Photo: One of the breeding groups, this one with our mature Katahhid ram
The ewes have spent the summer in a rotational grazing pattern after having their lambs weaned off them in the early summer. They have dried off and regained the condition they lost due to lambing and lactation. They are in good shape.We have four rams we are using for breeding this season on about seventy ewes. Two of these rams are mature rams we have used for several years now. The other two are young rams we bought this year.
The ewes were separated into four groups. This was done in such a way as to:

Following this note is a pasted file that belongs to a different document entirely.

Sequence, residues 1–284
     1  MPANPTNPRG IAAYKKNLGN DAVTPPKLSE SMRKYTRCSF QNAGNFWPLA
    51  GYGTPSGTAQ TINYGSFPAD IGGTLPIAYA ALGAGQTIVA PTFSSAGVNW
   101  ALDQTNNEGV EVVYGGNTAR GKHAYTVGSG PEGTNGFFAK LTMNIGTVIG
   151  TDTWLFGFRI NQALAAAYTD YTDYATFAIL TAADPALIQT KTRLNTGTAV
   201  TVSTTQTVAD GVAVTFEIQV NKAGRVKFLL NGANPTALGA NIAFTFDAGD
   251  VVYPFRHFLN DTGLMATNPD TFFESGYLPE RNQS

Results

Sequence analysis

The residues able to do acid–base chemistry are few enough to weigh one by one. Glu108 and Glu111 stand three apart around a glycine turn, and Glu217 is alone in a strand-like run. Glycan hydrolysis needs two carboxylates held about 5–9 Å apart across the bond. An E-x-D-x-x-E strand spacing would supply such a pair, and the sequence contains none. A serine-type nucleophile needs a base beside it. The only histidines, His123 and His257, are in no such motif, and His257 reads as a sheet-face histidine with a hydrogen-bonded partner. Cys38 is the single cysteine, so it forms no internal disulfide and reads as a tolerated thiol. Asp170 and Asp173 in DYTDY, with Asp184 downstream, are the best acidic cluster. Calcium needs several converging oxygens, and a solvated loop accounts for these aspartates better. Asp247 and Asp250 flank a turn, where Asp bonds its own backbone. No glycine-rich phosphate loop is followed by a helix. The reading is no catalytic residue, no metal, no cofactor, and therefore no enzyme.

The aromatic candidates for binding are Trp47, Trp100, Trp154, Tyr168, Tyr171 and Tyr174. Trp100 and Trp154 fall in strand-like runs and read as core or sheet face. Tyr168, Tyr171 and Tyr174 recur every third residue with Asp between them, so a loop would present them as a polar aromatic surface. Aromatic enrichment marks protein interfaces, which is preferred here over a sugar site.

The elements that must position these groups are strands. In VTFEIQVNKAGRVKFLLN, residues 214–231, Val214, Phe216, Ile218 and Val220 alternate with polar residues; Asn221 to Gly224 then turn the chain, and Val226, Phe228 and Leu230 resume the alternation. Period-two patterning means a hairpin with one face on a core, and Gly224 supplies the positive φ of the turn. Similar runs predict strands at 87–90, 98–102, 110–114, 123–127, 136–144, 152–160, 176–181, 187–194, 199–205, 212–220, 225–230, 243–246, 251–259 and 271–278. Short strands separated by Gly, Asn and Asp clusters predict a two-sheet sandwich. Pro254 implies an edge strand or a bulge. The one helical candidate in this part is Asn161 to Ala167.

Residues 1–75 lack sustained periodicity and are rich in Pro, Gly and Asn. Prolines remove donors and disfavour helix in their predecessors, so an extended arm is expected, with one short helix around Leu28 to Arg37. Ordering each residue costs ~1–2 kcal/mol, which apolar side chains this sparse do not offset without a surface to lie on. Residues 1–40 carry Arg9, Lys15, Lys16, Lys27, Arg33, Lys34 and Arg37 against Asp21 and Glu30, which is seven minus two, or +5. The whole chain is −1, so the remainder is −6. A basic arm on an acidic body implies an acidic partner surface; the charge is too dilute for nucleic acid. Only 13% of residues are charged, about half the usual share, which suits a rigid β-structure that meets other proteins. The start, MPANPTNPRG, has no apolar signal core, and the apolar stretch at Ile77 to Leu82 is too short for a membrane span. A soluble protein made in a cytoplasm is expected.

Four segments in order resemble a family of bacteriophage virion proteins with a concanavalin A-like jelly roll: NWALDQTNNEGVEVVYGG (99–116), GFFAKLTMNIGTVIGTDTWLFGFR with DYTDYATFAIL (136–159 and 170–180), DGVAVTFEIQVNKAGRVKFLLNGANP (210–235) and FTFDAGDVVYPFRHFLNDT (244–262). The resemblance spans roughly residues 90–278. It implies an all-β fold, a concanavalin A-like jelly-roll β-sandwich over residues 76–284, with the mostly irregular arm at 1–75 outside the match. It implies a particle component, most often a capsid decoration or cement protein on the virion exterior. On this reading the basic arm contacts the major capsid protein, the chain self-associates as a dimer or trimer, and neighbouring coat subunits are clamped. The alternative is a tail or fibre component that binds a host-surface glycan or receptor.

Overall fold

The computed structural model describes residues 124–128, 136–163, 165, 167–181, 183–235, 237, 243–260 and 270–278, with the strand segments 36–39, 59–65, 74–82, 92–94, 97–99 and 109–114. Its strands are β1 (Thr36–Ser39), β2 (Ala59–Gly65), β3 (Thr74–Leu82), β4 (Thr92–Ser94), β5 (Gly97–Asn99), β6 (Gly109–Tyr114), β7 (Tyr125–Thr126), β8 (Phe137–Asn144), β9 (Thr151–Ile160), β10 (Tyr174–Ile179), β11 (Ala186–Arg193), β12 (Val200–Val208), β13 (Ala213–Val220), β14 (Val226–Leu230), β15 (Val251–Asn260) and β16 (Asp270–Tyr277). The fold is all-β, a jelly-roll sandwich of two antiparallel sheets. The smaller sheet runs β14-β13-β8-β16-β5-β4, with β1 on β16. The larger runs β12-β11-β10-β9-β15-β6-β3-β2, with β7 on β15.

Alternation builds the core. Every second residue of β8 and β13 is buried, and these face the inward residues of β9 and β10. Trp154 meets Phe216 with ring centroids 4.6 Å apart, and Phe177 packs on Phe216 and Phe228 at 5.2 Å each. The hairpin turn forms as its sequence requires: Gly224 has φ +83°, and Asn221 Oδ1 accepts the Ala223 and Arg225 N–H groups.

- Prevent inbreeding; rams are not bred to ewes they are related to.
- Yearling ewes are bred, where possible (see 1 above) to a ram likely to through a smaller lamb.
- More mature ewes with a good lambing history are bred to rams likely to through big, fast growing lambs.
- For purebred ewes, to produce purebred lambs.
For us, two Katahdin rams are used to produce big fast growing lambs and two Florida Native rams are used to produce smaller lambs. The only purebred ewes we have are Florida Native so obliviously we use a purebred Florida Native ram on them.